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Words by Christopher Kho
 
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We hate to burst your bubble, but your newly-bought pride and joy (that has yet to be issued number plates) is not exempted from number coding. The Metro Manila Development Authority (MMDA) had just issued a reminder to all motorists that the Unified Vehicular Volume Reduction Program (UVVRP), otherwise known as the number coding scheme, does cover brand new vehicles without license plates. In this case, the last digit on the conduction sticker will be followed.
 
MMDA Chairman Francis Tolentino signed Memorandum Circular Number 06 Series of 2013 which details the implementation guidelines of the UVVRP for new vehicles without license plates. It will be effective 15 days after publication which we estimated to be somewhere in mid-April.
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Words by Jade Lu | Photo courtesy of Fung Yu of www.360journals.com
 
comelec campaign
*UPDATE*
The Comelec has just published the list of 22 areas where campaign motorcased are prohibited. Motorcades on minor roads, on the other hand, while allowed, are required to submit prior notice to the MMDA so they can reroute traffic.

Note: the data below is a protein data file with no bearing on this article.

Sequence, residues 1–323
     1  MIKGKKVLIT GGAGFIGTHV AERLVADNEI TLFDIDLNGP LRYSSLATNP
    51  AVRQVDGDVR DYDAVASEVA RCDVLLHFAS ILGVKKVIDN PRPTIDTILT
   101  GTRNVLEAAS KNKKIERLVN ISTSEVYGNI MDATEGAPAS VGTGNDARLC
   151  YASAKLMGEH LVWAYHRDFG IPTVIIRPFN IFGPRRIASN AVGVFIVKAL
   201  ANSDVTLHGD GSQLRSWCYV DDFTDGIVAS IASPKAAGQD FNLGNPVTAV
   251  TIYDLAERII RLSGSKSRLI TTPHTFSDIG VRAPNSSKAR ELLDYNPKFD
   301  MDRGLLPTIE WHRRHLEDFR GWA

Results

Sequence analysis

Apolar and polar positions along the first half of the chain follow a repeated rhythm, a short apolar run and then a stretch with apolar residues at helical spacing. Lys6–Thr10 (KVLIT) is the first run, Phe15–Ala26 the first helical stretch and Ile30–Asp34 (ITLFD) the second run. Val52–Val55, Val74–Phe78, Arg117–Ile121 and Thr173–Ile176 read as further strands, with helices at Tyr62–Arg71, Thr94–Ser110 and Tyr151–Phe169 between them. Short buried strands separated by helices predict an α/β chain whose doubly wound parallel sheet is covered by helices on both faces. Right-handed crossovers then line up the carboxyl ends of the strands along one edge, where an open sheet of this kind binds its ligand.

The Commission on Elections (Comelec) has put a ban on candidates running in the May 2013 elections from campaigning on major thoroughfares through the use of motorcades. According to Comelec Chief Sixto Brillantes Jr, the resolution will most likely take effect within the week, with 18 major roads intended to be included in the ban including EDSA, C-5, SLEX, and Taft Avenue.
 
Although motorcades will still be allowed on all minor streets, banning them on these busier roads will help in preventing additional traffic during the campaign season.
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Commonwealth Avenue in Quezon City has been dubbed as a “killer highway” due to the number of fatal road accidents recorded along its 12.4 km stretch. This prompted the MMDA to impose a 60 km/h speed limit along the highway back in 2011. However, it was only enforced between Philcoa and Sandiganbayan due to lack of equipment. But starting last February 26, 2013 (Tuesday), the 60 km/h speed limit has been extended up to Doña Carmen Ave. which is 2.3 km more than previously enforced.
 
It has been revealed that the MMDA has indeed procured additional speed guns that allows them to police the remaining stretch of Commonwealth Ave. They also have plans of installing more CCTV cameras along the highway.
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edsa27 poster
February 25 will always be remembered as the day that the Filipino people joined hands and rose together to bring down a dictator. And to commemorate the 27th anniversary of the People Power Revolution, several events will take place along EDSA from February 24 to 25, 2013. Thankfully, the MMDA has mapped out road closures affected by the events so you can avoid driving through these areas. They've also announced that the Number Coding scheme will be in full effect on February 25 (Monday).